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Audit reveals Memphis non-profit's relationship with other groups kicked out of food distribution program

Auditors also found one worker used several different names and signed documents using different names.

MEMPHIS, Tenn. — Two Mid-South charities have been accused of operating fake meal-giveaway sites. Taxpayer money was supposed to be used to feed disadvantaged children at 21 locations around Memphis last summer but a state audit found many of the meals were never served. They said the non-profits pocketed the cash instead. 

According to state records, Gabriel Partee is the executive director of Alumni Music Incorporated, one of the non-profit groups that was contracted to feed children last summer. 

"Unfortunately, when we visited Memphis last summer, fraud is what we found," said John Dunn, the Tennessee Comptroller's Office spokesperson.

The second group that was supposed to be feeding the children was called Open Door.

According to the audit, Open Door claimed to be feeding people at Chandler Park. Employees at the school adjacent to the park told auditors that no meals were handed out there all summer—the park was closed due to COVID-19.

Open Door also claimed to be serving meals at 1189 Finley, but auditors said that didn't happen when they were inspecting.

When we asked the person who answered the door, they said, "I am not going to answer that. I am going to let my boss answer that."

RELATED: Two Shelby County programs accused of running phony feeding sites for children

RELATED: Two Memphis nonprofits accused of taking federal funds to feed children who never got meals

Auditors also questioned, the legal identity of who they were dealing with. For example, one staff member for Open Door apparently went by several different names, and signed documents with both names.

When auditors went to a feeding site, one site supervisor said her name was Janie Johnson, but the audit said staff called her Ms. Coleman. Auditors said a year prior, she identified herself as Monique Carpenter when they visited. She also signed documents using both names. The audit said it was unclear why she used different names, and the ambiguity raises questions as to the identity of individuals working for the program.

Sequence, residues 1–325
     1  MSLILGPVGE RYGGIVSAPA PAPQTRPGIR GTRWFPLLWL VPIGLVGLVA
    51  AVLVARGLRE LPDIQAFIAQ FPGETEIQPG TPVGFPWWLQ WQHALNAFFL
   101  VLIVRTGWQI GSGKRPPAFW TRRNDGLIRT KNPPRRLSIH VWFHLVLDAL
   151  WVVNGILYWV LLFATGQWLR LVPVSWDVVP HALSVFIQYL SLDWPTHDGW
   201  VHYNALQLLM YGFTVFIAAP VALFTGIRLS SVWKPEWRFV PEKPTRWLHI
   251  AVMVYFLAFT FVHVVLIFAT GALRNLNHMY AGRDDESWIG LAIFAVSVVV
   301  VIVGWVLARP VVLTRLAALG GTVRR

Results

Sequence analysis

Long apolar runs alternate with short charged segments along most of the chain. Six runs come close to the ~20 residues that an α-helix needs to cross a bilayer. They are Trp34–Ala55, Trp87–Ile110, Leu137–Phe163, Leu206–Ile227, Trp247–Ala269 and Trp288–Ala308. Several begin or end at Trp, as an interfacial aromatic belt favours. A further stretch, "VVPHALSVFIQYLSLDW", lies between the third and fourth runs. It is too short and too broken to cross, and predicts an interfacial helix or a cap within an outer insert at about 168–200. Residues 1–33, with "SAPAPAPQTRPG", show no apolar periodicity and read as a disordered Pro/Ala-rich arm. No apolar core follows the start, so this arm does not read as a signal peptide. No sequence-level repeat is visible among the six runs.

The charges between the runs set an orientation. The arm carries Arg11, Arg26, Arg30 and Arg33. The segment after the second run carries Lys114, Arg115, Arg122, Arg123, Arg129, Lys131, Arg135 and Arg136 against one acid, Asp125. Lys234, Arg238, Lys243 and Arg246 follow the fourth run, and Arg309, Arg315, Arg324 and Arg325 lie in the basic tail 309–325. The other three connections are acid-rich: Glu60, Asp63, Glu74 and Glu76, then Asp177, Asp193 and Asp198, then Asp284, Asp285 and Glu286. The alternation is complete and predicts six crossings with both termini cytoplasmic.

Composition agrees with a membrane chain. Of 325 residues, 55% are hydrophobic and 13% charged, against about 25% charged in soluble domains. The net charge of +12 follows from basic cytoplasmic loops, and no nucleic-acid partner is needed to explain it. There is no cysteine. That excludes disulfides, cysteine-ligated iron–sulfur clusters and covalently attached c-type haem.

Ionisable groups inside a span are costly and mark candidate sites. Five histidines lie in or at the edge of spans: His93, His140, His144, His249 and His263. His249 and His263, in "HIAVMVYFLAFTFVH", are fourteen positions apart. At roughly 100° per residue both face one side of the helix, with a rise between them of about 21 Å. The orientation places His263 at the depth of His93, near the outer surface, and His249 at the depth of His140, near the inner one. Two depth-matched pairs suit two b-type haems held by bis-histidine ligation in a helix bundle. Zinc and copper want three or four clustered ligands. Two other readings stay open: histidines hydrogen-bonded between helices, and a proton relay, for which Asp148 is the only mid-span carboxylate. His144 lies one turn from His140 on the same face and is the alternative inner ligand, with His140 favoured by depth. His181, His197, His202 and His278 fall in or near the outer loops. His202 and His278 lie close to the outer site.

Auditors also questioned connections between the charities and the people managing and working for the operations. 

"We also found there were people involved in these organizations, that have been involved as other sponsors, in previous years, that had been kicked out of the program. So they were not supposed to participate at all," said Dunn.

Auditors say four people who were deeply involved with two other agencies that were kicked out of the program in 2015 and 2016, were running feeding sites for Alumni Music. The individuals named were Eddie Partee, Tomeka Calvin (Partee), Sandra Riley, and Tashay Collins. Those individuals were connected to other sponsor programs called Youth Patrol and Youth Enrichment. Auditors said those groups were found to have deficiencies in 2015 and 2016 and terminated from the food program. Auditors found them working for Alumni Music when they did site visits, even though they were not supposed to participate because of the prior issues.

Another issue was Alumni Music's connection to Open Door. Auditors reviewed documents that questioned the two groups relationship. In addition, auditors found overlapping feeding sites, which meant both groups would have been serving food at the same locations, which is not allowed.

We tried to contact representatives for both Open Door and Alumni Music but no one would answer our calls or answer the door when we visited their business address.